Government forks out £3.5m for green skills training

Energy secretary Ed Davey has unveiled £3.5m of green skills funding in a bid to train hundreds of people ahead of the Government's flagship Green Deal roll out.

Set to begin later this year, the Green Deal scheme aims to improve the energy efficiency of millions of commercial and residential properties across the UK by removing upfront payment barriers.

It is also hoped it will generate about 65,000 green jobs by 2015, however much of its success is dependent on the UK having enough trained and skilled green assessors and installers to support the scheme.

Announcing the funding today (March 8), Mr Davey said the funding is needed to help people “gear up for the Green Deal and ensure this scheme is a real success on the ground”.

He added: We have worked hand in hand with industry to get this right and are targeting funding at the areas where there is an urgent need as well as a clear demand. We hope this will encourage businesses across the country to fully prepare their staff for the launch of the Green Deal later this year.”

The bulk of the funding, £3m, is set to be provided by the Department of Energy and Climate Change (DECC), while Green Alliance partner CITB-ConstructionSkills, will provide a further £500,000 towards the training of insulation installers.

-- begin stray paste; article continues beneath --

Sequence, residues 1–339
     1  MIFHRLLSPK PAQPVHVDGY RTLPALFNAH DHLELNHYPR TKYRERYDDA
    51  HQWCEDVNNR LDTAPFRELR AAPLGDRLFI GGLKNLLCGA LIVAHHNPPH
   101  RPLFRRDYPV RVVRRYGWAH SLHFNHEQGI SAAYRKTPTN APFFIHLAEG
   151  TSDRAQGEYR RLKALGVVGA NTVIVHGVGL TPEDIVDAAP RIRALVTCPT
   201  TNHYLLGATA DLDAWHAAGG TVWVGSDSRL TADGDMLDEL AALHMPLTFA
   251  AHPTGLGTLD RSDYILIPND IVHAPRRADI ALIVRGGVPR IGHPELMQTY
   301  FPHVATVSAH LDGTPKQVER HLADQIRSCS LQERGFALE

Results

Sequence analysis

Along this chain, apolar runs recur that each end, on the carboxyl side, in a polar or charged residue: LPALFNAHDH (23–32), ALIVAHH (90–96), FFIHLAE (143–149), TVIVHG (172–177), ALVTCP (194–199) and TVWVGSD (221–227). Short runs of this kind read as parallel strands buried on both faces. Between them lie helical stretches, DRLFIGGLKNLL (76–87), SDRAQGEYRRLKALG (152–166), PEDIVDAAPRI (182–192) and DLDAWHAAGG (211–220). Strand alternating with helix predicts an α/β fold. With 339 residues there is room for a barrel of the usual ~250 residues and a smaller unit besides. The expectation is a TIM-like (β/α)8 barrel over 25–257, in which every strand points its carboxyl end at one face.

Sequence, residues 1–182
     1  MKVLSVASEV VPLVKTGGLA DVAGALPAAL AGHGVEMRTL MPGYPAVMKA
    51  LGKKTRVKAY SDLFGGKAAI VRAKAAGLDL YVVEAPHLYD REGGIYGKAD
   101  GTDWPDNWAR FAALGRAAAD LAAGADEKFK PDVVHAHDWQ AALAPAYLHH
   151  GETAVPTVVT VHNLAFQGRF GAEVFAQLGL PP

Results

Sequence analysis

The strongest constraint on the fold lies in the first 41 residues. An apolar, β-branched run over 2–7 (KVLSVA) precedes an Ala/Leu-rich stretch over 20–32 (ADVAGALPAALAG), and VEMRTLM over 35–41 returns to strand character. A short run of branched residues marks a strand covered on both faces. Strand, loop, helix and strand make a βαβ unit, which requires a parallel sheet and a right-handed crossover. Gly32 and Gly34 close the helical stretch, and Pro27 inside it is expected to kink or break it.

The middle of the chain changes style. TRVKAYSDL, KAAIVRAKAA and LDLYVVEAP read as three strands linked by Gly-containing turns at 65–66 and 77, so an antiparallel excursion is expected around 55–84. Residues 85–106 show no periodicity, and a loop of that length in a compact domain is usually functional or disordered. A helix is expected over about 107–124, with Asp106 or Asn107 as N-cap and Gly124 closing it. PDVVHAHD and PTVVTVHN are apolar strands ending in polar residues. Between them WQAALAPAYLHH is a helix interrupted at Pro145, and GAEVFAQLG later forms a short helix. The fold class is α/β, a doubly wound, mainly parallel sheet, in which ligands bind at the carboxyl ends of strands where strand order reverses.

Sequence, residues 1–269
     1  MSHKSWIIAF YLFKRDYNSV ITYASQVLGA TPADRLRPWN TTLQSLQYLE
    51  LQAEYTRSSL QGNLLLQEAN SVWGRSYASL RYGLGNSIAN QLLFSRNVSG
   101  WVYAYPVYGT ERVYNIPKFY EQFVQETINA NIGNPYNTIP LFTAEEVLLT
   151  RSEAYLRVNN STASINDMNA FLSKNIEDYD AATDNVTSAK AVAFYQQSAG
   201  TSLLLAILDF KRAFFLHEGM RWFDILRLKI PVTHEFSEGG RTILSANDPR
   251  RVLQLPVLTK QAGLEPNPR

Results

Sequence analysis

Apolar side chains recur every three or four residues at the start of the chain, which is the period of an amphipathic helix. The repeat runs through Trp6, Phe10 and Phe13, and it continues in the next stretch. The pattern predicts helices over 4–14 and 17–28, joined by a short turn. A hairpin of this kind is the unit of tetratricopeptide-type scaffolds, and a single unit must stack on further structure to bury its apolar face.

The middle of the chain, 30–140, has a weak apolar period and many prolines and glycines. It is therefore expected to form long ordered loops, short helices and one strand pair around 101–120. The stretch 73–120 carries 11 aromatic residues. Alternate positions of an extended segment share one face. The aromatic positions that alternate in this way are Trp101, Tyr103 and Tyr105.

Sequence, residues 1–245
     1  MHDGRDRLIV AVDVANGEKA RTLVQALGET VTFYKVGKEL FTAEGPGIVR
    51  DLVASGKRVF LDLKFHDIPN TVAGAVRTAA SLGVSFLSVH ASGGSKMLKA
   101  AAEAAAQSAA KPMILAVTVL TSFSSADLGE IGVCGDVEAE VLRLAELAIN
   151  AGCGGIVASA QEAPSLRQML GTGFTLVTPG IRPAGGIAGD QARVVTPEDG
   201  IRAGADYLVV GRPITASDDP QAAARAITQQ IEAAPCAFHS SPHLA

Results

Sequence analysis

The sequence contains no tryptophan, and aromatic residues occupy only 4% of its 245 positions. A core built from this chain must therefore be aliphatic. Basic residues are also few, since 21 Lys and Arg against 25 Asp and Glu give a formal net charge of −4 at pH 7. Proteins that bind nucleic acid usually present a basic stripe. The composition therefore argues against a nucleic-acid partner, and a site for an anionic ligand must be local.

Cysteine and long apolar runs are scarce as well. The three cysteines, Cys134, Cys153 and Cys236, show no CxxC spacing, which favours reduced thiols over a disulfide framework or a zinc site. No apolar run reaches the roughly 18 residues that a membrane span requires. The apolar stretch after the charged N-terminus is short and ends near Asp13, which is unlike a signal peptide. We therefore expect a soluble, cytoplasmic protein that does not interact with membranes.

CITB-ConstructionSkills ceo Mark Farrar said that the move marks a “significant step” towards preparing the construction industry, adding that “training shortfalls have been identified as one of the main barriers to the success of the scheme”.

As a result, he called on employers and the supply chain to invest in sustainable skills training for their workforce, in order to capitalise on the Green Deal.

However, electrical installation distributor Rexel UK business development director Brian Smithers warned that training will “make or break” the Green Deal.

He said: “In a complex and sometimes confusing market, it’s crucial that the industry has the skills to help consumers make informed energy decisions. There is still a widespread lack of understanding of how green technologies can help people improve the energy efficiency of their homes and reduce bills.”

Concerns have also been raised by industry bodies, including the Confederation of British Industry (CBI), which warned demand is essential to the success of the scheme.

DECC is also funding a £10m competition, set to launch in May, to find innovative technologies which achieve significant energy savings in existing non-domestic buildings.

Carys Matthews

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